Thursday, March 18, 2010

Volume I, Book III, Chapter VI

This chapter makes me ridiculously happy for some reason.

There is a letter from Nikolai that his father receives. They haven't heard from him, and Count Rostov steals into his study and reads it. He cries and laughs and cries, and Anna Mikhailovna (who is still staying with them) steals in on him and finds out about the letter. She is going to tell no one, since it would upset the Countess and they have to prepare her. During dinner, she starts to prepare the Countess for the letter. Natasha, smart girl that she is, figures it out and makes Anna confess, and Anna tells her the contents swearing to tell no one. She tells Sonya. Petya teases Natasha about not really being in love with Boris, but that fat man with the spectacles (Pierre) and some other horse groomer or something.

Finally, the Countess is read the letter, which mentions everyone and says that he is wounded but was promoted. The letter is read aloud, which just makes everyone cry, and makes Sonya so happy that he has sworn love for her that she has to leave and go twirl in the ballroom.

Then Vera, of course, chimes in--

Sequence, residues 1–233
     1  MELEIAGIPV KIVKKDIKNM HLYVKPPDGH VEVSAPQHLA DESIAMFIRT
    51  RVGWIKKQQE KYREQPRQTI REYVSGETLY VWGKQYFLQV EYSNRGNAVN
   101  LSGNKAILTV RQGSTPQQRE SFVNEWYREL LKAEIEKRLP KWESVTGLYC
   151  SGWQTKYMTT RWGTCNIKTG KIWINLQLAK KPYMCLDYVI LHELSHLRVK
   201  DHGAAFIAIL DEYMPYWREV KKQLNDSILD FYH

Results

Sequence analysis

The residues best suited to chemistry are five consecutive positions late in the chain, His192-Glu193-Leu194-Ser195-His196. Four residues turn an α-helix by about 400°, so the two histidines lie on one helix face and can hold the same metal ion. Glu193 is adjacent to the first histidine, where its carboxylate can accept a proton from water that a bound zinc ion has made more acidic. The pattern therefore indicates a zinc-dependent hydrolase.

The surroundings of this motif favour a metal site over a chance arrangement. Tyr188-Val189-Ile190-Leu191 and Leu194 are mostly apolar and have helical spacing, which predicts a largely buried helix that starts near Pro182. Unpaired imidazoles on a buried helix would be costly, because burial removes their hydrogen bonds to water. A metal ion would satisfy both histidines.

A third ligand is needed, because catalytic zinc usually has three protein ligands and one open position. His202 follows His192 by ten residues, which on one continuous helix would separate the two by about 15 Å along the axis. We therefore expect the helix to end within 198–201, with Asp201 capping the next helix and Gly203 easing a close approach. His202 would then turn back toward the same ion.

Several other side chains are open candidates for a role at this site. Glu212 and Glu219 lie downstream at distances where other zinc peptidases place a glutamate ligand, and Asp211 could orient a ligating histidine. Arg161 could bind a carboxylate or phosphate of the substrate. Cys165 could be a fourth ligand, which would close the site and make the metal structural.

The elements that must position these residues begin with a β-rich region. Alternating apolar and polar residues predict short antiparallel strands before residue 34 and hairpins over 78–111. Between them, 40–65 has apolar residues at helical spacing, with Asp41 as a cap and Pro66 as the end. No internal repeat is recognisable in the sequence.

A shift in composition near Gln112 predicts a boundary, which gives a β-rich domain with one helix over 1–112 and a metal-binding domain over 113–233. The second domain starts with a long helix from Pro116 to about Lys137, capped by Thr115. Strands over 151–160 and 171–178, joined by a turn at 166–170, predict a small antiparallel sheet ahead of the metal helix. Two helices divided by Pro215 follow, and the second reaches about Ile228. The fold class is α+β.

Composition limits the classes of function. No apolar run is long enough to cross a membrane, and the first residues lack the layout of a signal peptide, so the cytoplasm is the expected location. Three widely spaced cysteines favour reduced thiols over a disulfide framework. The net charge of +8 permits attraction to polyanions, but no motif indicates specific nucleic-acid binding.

"What are you crying for,maman?" said Vera. "From all that he writes, you should rejoice and not cry."
That was perfectly correct, but the count, and the countess, and Natasha -- everyone looked at her with reproach. "Who does she take after?" thought the countess.

That's such a great moment - all this build and emotion, and then a little comedy. The letter is then read by the countess to everyone who worked in the house, or might know Nikolai, and acquaintances, and anyone would would listen. And much praise for Nikolai. They supervised for a week drafting and redrafting letters and collecting money to send to outfit him. And then this, which is all heart, and makes me think about what different times we're living in -

The Rostovs assumed that the address Russian Guards Abroad was a perfectly definite address, and that, if the letter reached the grand duke who was in command of the guards, there was no reason to think it would not reach the Pavlogradsky regiment, which should be in the vicinity; and therefore it was decided to send the letters and money through the grand duke's courier to Boris, and Boris would have to deliver them to Nikolushka. There were letters from the old count, from the countess, from Petya, from Vera, from Natasha, and from Sonya, and, finally, 6,000 roubles for outfitting, as well as various things the count sent to his son.

It's so caring, and I really hope it gets there. And what a time when that would seem a sensible delivery. And T has set it up so well that you can imagine the whole house arguing and finally agreeing on the best way to send things to the boy they loved and missed so much. So sweet. I'm really hoping he gets the package.

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